I once saw a man at his sentencing hearing sporting a spider's web tattoo covering his chin and jaw. Given how many employers now require employees to cover any tattoos they might have, this fellow's prospects are probably limited to telemarketing. He'll have to make a lot of license plates to pay for an increasingly pricey alternative, tattoo removal.
A recent survey of HR directors found that almost four in 10 believe it's OK to pass on hiring someone because of tattoos or facial hardware. Many have a policy requiring any such art be covered while at work (Starbucks included, according to this story.)
Removing a tat that is standing in the way of obtaining that perfect job can cost upwards of $1,500 for four square inches. (I could buy four square inches of 14-carat gold, .064 inches thick, for $635.)
This cost is for a laser treatment, done in an average of 10 sessions. The laser zaps the ink particles, smashing them into even smaller bits that can be carried away and flushed by the body's defense systems. Another method is Intense Pulsed Light Therapy, which uses high-intensity light for same purpose, at ten bucks a pulse. Many pulses are required.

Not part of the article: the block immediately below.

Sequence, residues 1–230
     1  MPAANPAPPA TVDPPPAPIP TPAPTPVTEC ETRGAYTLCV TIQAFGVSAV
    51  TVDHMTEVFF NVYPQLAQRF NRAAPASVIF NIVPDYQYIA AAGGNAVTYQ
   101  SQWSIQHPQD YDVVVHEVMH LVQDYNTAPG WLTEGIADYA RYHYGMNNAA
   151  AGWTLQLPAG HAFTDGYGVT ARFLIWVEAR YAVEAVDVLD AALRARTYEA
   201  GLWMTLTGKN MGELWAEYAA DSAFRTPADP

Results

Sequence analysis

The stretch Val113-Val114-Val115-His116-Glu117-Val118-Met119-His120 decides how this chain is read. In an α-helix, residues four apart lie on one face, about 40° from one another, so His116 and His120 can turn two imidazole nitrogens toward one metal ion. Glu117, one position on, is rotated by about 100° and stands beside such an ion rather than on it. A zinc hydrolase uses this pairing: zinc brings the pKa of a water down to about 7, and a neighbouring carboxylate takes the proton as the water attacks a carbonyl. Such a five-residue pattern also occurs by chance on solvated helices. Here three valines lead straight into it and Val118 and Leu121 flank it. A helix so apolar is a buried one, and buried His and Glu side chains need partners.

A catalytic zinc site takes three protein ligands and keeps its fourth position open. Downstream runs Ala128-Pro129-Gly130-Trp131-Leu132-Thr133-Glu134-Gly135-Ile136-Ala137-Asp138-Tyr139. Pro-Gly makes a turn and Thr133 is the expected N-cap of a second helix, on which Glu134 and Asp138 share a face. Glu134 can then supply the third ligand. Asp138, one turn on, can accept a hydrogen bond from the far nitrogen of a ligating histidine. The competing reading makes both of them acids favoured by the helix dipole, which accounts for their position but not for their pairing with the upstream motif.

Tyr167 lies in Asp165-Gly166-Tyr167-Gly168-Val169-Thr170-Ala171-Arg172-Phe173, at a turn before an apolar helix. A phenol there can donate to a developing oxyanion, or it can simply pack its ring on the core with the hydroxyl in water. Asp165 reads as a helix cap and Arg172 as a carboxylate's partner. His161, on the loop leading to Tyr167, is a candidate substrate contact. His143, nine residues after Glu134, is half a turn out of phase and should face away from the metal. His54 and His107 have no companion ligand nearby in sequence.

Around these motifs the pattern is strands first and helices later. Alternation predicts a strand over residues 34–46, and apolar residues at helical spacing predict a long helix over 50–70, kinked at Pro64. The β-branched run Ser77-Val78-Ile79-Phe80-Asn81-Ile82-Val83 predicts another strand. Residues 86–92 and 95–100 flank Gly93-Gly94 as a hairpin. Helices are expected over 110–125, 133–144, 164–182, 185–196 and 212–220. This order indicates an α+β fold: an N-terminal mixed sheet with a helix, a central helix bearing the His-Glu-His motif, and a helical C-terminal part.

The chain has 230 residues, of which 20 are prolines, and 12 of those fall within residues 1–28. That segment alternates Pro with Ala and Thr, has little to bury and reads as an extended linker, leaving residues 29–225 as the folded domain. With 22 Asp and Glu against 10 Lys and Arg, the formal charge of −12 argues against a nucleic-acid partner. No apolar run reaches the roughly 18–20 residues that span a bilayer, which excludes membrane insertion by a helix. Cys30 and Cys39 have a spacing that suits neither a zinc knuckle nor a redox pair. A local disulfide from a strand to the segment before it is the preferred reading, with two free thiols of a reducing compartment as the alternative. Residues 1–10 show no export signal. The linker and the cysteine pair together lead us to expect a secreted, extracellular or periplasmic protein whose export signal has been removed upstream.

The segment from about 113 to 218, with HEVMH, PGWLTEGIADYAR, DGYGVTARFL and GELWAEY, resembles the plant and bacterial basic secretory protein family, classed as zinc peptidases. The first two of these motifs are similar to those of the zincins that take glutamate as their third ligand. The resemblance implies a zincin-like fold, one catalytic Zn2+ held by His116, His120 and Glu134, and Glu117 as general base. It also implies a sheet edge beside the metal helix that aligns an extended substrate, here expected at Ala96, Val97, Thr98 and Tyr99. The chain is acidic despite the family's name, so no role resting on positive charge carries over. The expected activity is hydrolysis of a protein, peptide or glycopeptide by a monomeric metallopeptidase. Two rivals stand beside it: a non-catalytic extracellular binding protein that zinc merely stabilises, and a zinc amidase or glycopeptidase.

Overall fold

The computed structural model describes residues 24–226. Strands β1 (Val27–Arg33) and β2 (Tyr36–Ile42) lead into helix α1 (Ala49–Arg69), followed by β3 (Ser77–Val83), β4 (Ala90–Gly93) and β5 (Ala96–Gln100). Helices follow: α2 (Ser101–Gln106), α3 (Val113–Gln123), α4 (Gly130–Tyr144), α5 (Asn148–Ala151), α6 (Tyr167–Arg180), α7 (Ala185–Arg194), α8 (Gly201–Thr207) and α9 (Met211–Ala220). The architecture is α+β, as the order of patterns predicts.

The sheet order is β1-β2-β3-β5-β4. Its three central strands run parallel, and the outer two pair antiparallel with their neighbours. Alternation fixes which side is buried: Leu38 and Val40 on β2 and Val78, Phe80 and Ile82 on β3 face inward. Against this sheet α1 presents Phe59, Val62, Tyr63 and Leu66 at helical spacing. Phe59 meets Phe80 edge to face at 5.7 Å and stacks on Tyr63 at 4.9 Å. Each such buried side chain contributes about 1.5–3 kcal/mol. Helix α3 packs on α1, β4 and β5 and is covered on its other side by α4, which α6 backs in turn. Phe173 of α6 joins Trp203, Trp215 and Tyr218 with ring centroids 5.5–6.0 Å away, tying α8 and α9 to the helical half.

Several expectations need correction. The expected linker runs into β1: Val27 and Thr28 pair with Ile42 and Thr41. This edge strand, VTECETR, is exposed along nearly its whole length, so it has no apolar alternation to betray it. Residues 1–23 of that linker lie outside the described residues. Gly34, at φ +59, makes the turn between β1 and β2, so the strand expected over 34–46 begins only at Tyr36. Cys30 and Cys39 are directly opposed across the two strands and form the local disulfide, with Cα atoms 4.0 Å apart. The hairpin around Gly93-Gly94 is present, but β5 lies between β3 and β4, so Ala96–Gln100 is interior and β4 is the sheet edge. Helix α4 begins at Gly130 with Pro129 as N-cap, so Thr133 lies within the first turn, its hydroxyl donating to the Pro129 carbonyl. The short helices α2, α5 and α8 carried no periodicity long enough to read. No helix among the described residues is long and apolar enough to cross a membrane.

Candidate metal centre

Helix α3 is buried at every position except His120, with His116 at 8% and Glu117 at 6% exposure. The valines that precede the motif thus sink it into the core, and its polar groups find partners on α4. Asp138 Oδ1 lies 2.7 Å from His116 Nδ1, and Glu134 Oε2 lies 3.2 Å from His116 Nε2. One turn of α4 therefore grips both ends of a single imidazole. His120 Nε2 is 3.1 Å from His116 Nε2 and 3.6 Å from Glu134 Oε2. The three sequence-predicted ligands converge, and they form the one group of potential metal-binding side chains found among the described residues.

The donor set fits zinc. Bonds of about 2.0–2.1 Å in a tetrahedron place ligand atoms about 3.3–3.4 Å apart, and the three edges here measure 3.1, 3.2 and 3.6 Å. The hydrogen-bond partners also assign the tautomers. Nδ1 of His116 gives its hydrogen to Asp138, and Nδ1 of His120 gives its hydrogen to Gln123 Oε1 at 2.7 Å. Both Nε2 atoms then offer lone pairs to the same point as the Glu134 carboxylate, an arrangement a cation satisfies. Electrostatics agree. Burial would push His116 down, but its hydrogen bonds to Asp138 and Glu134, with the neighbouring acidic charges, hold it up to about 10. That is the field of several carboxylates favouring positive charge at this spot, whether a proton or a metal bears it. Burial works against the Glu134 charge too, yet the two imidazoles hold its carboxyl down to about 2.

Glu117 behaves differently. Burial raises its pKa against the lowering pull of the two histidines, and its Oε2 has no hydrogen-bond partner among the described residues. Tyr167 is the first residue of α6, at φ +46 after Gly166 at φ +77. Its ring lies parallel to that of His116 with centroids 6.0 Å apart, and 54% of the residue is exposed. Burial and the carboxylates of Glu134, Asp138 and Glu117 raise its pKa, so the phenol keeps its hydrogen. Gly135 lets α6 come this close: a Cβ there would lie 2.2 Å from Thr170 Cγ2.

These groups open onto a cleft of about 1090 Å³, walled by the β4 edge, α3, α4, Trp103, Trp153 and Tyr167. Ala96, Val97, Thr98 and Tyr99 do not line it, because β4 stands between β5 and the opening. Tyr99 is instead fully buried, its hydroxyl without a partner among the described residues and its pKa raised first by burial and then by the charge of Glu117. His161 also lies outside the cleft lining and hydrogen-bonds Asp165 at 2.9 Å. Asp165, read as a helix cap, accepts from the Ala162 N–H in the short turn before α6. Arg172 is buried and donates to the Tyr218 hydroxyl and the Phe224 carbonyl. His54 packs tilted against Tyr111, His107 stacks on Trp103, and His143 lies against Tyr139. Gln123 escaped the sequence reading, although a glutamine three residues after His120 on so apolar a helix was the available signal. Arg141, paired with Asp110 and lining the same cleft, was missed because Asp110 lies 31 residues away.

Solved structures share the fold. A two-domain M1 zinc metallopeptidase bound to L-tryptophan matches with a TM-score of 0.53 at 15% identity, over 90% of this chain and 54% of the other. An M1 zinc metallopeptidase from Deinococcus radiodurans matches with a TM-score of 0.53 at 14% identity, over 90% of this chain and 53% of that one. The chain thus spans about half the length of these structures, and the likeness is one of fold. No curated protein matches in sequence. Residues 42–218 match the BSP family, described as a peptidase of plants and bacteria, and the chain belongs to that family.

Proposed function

And now the really bad news. Most removals are not covered by insurance or Medicare. To have any chance of getting the procedure covered, you'd have to show lifestyle disruption, chronic pain, or complications. And no, complications does not include your new girlfriend finding the name of your ex tattooed on your John Henry.
According to an article in the Huffington Post by Hilary Kramer, one doctor told her that, of the 40 million people sporting skin art, 17% are looking to erase them.
Even the finest tattoos are at the mercy of wrinkles. In an era when more Americans than ever are entered the years of arthritis and follicle failure, the art may suffer, too.
Tattoos: easy come, not so easy go, unless you're rich